Freshcare Forum – Partnering for Global Assurance in a Global Marketplace

Published on August 30, 2017

 ‘Harmonisation’ was the buzzword at the 2017 Freshcare Forum in Sydney.

Lessons from the Australian domestic market extended into a thought provoking session with a strong global outlook.

Belinda Millard, GLOBALG.A.P.’s Key Account Manager – Oceania, drew on her experience as a project member of HARPS (Harmonised Australian Retailer Produce Scheme) to co-present with Freshcare’s General Manager, Clare Hamilton-Bate and Citrus Australia’s David Daniels, in an engaging and interactive session.

Five years ago Horticulture Australia Ltd began a project to harmonise food safety certification requirements for the major retailers in Australia, Millard explained. The adoption of HARPS meant that individual suppliers no longer had to comply with a plethora of food safety systems when dealing with multiple retail customers.

With HARPS, Australia’s five major food retailers are finally heading in the same direction, at least regarding food safety. But where does that leave suppliers wanting to take advantage of export opportunities in Asia and elsewhere?

‘We are sitting on a precipice,’ Hamilton-Bate told the forum. ‘The number of different regulations and compliance schemes in overseas markets means there is scope for great confusion.’

She went on to list examples of different pathways to and drivers for food safety compliance, among them ASEAN GAP and associated local market systems; GFSI’s global markets program; and the US Food Safety Modernisation Act.

‘As things stand,’ Hamilton-Bate told the forum, ‘there is no single entity that can fit across all jurisdictions. We have come a long way in harmonising standards within Australia, imagine if we could facilitate that process across international markets.’

No sector is more alert to the vagaries of foreign markets than Australia’s booming citrus industry. David Daniels, the market access manager for Citrus Australia, gave the forum audience a snapshot of a dynamic industry: 1,500 growers cultivating 25,000 hectares for an annual production of between 700,000 and 750, 000 tonnes, of which a third is exported, a third used for domestic (fresh) consumption and a third for processing as juice. In production terms, navel oranges come out on top, followed by juicing oranges and then the fast-growing mandarin market.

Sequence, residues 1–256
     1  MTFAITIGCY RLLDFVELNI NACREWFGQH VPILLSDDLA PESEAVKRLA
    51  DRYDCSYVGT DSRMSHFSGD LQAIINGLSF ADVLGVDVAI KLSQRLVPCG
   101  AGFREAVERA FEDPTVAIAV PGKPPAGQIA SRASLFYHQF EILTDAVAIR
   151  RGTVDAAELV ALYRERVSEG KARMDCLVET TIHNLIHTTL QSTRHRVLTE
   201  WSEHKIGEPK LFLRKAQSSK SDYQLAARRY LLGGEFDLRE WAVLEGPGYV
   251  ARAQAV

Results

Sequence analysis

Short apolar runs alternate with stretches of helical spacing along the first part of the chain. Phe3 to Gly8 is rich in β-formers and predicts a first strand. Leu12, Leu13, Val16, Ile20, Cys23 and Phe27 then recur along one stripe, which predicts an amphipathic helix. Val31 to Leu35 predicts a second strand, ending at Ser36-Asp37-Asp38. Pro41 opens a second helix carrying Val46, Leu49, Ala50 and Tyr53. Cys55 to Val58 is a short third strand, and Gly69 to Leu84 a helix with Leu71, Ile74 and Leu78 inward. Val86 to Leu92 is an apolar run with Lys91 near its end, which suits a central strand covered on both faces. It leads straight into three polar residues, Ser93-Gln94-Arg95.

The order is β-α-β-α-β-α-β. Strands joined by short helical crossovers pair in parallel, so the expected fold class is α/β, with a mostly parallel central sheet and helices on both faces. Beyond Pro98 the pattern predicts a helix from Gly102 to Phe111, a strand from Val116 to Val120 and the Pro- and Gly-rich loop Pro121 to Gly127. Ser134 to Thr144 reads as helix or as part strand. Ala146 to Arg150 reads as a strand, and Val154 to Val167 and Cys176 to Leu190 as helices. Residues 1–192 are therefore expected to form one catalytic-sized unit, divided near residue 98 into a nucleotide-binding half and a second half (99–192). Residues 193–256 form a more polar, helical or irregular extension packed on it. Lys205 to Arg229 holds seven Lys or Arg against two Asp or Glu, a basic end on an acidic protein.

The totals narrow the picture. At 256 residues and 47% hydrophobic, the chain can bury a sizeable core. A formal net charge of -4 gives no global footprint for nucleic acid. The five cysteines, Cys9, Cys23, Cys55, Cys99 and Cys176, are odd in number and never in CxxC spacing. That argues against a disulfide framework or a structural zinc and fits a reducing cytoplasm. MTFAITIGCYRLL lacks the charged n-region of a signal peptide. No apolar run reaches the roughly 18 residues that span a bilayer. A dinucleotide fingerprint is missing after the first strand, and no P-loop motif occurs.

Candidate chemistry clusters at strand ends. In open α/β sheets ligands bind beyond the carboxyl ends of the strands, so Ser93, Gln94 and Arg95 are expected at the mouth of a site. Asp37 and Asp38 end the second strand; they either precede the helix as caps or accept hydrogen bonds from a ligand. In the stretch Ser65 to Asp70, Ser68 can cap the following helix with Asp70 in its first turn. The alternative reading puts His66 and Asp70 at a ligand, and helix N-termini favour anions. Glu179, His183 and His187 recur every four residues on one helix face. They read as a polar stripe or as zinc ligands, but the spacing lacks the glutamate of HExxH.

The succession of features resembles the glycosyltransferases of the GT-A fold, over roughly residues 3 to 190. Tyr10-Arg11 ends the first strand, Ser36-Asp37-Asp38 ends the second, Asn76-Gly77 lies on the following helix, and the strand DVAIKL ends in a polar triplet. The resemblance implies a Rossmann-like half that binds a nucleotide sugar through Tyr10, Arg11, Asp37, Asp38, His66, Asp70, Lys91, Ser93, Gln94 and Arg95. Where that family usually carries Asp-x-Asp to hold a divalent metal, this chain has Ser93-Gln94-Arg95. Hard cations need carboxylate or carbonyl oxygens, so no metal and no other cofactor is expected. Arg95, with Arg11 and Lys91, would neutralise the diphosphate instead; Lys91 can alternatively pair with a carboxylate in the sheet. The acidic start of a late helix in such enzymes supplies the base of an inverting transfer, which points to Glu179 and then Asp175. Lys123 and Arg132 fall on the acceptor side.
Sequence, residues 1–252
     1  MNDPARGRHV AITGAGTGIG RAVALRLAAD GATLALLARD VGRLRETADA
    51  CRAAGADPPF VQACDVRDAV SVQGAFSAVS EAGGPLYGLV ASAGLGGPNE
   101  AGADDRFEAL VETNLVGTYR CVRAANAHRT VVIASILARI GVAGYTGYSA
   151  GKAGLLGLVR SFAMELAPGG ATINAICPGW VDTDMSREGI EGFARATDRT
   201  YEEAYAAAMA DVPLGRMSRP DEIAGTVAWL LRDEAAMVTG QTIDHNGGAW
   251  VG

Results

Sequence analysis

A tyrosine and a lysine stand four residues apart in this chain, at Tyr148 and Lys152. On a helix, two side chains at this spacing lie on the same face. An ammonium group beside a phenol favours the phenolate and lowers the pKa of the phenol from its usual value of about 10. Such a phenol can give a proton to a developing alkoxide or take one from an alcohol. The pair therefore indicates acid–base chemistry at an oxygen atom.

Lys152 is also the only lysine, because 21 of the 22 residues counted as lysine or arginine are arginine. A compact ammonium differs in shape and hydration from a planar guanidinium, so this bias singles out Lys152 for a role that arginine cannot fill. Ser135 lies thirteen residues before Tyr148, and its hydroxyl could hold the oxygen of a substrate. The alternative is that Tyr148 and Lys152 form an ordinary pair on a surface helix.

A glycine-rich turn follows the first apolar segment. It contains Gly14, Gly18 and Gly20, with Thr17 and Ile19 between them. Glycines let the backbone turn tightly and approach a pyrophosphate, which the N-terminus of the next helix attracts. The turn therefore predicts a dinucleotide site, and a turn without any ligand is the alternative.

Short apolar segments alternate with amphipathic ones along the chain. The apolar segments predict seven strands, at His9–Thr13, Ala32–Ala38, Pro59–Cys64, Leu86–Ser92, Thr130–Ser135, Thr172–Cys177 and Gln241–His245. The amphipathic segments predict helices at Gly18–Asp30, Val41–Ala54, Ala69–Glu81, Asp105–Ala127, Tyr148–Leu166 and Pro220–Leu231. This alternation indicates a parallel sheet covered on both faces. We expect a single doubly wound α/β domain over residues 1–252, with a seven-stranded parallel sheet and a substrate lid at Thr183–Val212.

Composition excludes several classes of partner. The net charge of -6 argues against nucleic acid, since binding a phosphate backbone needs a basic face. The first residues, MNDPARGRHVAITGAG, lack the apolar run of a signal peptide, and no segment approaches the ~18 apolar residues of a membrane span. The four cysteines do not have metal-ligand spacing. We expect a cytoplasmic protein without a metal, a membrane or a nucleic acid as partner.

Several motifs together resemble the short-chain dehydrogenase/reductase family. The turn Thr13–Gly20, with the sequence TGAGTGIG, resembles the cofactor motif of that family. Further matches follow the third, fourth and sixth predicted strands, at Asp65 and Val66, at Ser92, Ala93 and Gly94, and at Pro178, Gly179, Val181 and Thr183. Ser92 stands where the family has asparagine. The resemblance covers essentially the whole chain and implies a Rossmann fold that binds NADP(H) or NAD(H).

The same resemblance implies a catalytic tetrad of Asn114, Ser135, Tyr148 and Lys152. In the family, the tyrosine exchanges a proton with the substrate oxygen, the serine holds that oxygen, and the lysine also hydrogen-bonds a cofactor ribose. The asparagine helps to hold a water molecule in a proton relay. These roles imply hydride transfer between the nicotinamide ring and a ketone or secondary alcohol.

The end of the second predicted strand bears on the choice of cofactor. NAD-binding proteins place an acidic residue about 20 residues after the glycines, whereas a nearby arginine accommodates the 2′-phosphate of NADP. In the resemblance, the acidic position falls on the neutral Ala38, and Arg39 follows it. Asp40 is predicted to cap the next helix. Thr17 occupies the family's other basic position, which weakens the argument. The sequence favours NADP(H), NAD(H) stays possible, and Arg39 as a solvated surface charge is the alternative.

While juicing oranges remain big business, Daniels said the sector was declining, while exports (especially navels) were conservatively estimated to grow by 5 per cent this year. ‘After a few difficult years with drought, flood and exchange rates, we’ve had a couple of sensational years,’ Daniels told the forum. ‘Last year was the best on record.’

With exports a large and growing market, Australian citrus growers know they have to stay on top of international food safety standards. Australian citrus is exported to more than 50 countries and attracts a high premium, with our oranges renowned for their excellent colour (‘the best in the world,’ Daniels insisted) and sweetness; their clean, green image and their reputation for safety.

The latter is particularly useful in China, where Daniels said consumers ‘have no confidence in their own food supply’ due to incidents such as the contamination of infant formula with melamine, not to mention hair-raising tales of exploding water melons (caused by the use of growth accelerator) and the sale of 40-year-old frozen meat.

But while the United States, Canada, New Zealand and Australia all recognise each other’s food safety requirements, the same is not true of some Asian countries – including important markets such as China and Indonesia. Regulatory hurdles to get over include quarantine (eg. pest and disease controls); food safety (managing MRLs and other hazards); non-technical barriers (eg. quotas, tariffs and embargoes); and technical specifications (eg. packaging and labelling requirements).

The citrus industry, Daniels told the forum, worked hard to keep up with the constantly shifting landscape of international food certification, where (as in Australia) future pressure could come from regulators, retailers or both.  While the industry looked forward to a future in which international standards were harmonised, that future was some way off.

On the all-important subject of MRLs, Daniels said that Citrus Australia runs a residue testing program in partnership with the Australian Government. We use a government accredited laboratory where we regularly send spiked samples ‘to make sure they are competent in detecting what they are supposed to. A rigorous, government-backed pesticide residue monitoring program was just one of the initiatives used to ensure the integrity of Australian citrus.

As the Asian supermarket sector became more sophisticated, Daniels said it was likely that food safety demands would become more rigorous. Government backed research and globally benchmarked standards based on good science put Australian citrus in a strong position to take advantage of overseas markets.

Article written by Tom Gillings

Other Articles from the Freshcare Forum 2017:

  1. Freshcare Forum Faces up to Environmental Challenges – ‘Single Use Plastics a Bigger Issue than Climate Change’
  2. Freshcare Forum Focuses on Fair Work Compliance
  3. Freshcare Forum Focuses on Food Safety in the Salad Sector